Google used to have a slogan "Don't be evil" which was aimed at corporations with more power.
Now that they have ultimate power, they are the most evil corporation on the planet....and I really mean that. They are the biggest threat to free speech and democracy in the last 100 years.

big booty
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Re: Diet Thread

Postby big booty » Wed Sep 06, 2017 3:53 pm

We now return you to your normal dietary program. We thank you for your patience.

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mikesbytes
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Re: Diet Thread

Postby mikesbytes » Wed Sep 06, 2017 9:05 pm

big booty wrote:We now return you to your normal dietary program. We thank you for your patience.
LOL

I understand CK's passion, the Google example is an analogy and I could put a few in there myself.

Remember how hard the tobacco industry thought to repel plain packaging? Stating that it was an erosion of your rights? Well the product is still available, just without the glossy marketing. Now food kills almost double the people that ciggies do so perhaps some of the restrictions placed on ciggies should also be placed on food, for example plain packaging
If the R-1 rule is broken, what happens to N+1?

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Re: Diet Thread

Postby Nobody » Wed Sep 06, 2017 9:56 pm

Plain packaging could be an advantage for McDonalds, since IMO their customers are the worst polluters of food packaging. If they went plain I wouldn't know the stuff that I have to clean up off my verge came from them. Having both a McDonalds and a school within walking distance doesn't help.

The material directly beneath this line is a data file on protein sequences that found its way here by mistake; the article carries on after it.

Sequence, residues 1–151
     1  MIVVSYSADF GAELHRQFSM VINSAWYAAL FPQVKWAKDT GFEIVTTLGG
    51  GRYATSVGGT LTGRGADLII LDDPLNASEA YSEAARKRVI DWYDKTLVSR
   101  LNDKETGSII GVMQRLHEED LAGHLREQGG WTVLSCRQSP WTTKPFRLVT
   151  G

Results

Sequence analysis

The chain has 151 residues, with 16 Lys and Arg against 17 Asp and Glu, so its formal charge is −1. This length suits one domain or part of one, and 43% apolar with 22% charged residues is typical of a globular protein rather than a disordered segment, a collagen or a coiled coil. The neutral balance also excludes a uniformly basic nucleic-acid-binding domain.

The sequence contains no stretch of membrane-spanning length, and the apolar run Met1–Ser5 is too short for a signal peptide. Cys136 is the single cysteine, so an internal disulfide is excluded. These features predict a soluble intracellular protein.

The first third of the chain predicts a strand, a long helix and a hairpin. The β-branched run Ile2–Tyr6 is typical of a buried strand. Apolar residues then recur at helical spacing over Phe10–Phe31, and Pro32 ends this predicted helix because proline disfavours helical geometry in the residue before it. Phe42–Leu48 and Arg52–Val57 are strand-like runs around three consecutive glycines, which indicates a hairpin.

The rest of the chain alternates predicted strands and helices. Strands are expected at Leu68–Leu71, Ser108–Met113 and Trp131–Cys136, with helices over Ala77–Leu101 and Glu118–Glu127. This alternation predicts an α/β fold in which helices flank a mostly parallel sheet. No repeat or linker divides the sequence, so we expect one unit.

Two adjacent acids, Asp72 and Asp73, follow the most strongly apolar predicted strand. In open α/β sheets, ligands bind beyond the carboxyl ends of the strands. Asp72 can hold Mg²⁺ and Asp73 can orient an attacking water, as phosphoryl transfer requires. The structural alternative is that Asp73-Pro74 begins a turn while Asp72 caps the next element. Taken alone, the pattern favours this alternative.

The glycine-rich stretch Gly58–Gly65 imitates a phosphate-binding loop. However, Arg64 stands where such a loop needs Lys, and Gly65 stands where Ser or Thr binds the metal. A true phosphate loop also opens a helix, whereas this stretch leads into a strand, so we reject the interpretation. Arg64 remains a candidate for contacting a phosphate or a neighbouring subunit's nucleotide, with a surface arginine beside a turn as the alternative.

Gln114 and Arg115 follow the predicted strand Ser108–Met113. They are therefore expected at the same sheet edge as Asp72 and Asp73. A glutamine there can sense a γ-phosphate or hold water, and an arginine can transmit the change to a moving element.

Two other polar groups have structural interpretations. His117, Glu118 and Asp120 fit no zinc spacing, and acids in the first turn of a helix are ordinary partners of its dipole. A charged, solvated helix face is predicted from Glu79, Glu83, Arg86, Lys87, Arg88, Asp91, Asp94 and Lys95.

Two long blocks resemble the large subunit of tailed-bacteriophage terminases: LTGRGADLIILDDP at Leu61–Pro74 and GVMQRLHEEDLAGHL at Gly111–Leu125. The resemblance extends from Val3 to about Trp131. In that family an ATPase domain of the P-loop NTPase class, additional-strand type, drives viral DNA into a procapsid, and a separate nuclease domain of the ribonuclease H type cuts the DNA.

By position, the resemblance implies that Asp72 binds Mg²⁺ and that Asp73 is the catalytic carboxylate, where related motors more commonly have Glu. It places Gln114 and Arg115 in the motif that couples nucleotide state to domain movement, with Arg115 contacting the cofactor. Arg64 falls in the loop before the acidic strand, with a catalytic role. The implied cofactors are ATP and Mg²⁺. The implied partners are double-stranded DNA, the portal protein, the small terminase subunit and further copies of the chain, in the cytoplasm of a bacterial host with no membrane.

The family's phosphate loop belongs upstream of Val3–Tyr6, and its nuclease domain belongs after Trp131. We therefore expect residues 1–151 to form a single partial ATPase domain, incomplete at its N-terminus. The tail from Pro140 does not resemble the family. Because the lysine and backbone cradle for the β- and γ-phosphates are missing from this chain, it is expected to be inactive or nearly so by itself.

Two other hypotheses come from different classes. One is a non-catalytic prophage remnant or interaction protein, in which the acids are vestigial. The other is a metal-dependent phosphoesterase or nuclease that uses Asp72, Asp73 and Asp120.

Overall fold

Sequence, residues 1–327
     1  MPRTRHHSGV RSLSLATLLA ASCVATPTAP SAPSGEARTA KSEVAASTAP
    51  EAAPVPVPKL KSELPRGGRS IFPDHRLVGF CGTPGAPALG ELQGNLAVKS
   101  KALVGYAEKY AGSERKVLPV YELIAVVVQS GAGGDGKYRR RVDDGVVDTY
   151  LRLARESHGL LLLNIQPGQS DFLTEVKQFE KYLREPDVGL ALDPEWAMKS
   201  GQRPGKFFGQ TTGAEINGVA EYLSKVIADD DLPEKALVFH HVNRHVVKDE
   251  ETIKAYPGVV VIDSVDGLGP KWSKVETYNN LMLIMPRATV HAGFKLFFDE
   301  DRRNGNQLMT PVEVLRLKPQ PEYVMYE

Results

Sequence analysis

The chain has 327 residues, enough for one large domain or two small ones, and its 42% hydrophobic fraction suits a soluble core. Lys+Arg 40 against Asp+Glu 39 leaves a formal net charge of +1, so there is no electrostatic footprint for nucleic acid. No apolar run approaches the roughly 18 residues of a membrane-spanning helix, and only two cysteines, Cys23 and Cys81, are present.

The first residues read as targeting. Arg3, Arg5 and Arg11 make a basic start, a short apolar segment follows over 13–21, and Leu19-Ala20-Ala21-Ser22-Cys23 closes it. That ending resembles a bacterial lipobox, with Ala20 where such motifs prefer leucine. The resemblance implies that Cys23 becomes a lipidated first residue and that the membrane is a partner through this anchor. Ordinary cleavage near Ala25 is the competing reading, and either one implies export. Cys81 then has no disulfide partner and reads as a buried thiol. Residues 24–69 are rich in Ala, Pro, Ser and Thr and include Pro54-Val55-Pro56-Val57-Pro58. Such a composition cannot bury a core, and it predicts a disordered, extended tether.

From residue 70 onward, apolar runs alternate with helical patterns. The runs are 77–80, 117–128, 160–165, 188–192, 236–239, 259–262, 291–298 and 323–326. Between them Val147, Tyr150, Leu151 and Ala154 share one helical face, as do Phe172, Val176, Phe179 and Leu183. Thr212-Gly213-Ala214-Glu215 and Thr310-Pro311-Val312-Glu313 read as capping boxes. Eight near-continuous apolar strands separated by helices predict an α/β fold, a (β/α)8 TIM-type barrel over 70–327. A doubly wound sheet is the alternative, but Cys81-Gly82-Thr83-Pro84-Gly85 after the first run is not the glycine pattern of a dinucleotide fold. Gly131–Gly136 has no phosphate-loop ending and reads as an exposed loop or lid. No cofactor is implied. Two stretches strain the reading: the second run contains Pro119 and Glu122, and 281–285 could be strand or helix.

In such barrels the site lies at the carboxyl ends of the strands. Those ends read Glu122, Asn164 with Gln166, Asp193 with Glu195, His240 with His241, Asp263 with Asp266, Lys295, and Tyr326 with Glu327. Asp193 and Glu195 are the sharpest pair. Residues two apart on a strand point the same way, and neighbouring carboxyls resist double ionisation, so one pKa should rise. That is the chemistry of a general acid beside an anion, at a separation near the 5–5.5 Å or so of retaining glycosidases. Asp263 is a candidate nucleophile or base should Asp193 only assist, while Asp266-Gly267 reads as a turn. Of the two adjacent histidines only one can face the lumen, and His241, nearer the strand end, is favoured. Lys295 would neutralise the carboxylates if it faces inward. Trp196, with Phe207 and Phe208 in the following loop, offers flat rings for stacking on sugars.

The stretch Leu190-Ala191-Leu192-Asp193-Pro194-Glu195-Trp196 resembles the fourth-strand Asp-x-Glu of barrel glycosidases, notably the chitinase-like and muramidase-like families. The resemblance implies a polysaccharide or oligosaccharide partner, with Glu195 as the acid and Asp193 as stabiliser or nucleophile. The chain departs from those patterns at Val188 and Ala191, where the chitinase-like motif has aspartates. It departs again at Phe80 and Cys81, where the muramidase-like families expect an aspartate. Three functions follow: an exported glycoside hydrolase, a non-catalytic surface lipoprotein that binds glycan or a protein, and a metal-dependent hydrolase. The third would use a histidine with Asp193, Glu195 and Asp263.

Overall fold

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CKinnard
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Re: Diet Thread

Postby CKinnard » Thu Sep 07, 2017 8:41 am

Mike, you prompted me to review Australia's leading causes of death.

Smoking doesn't have its own category in the 2015 table, but was reported to cause 15,000 deaths.
http://www.abs.gov.au/ausstats/abs@.nsf ... Smoking~24

Interestingly, IHD and strokes decreased in the 10 years prior to the 2015 study. This may just be due to better acute care (first aid awareness, paramedic and hospital care) and drug therapy. It would be nice to think diet and exercise awareness has also improved, but doesn't seem likely considering the obesity trend. It's possible the rate of ageing smokers decreased in the period, which could explain the drop.

One of the largest increases is dementia. I wonder if that is due mostly to category reallocation by doctors. Dementia most often doesn't directly cause death...see below


http://www.abs.gov.au/ausstats/abs@.nsf ... ,%202015~3
Image

https://www.fightdementia.org.au/about- ... f-dementia
Causes of death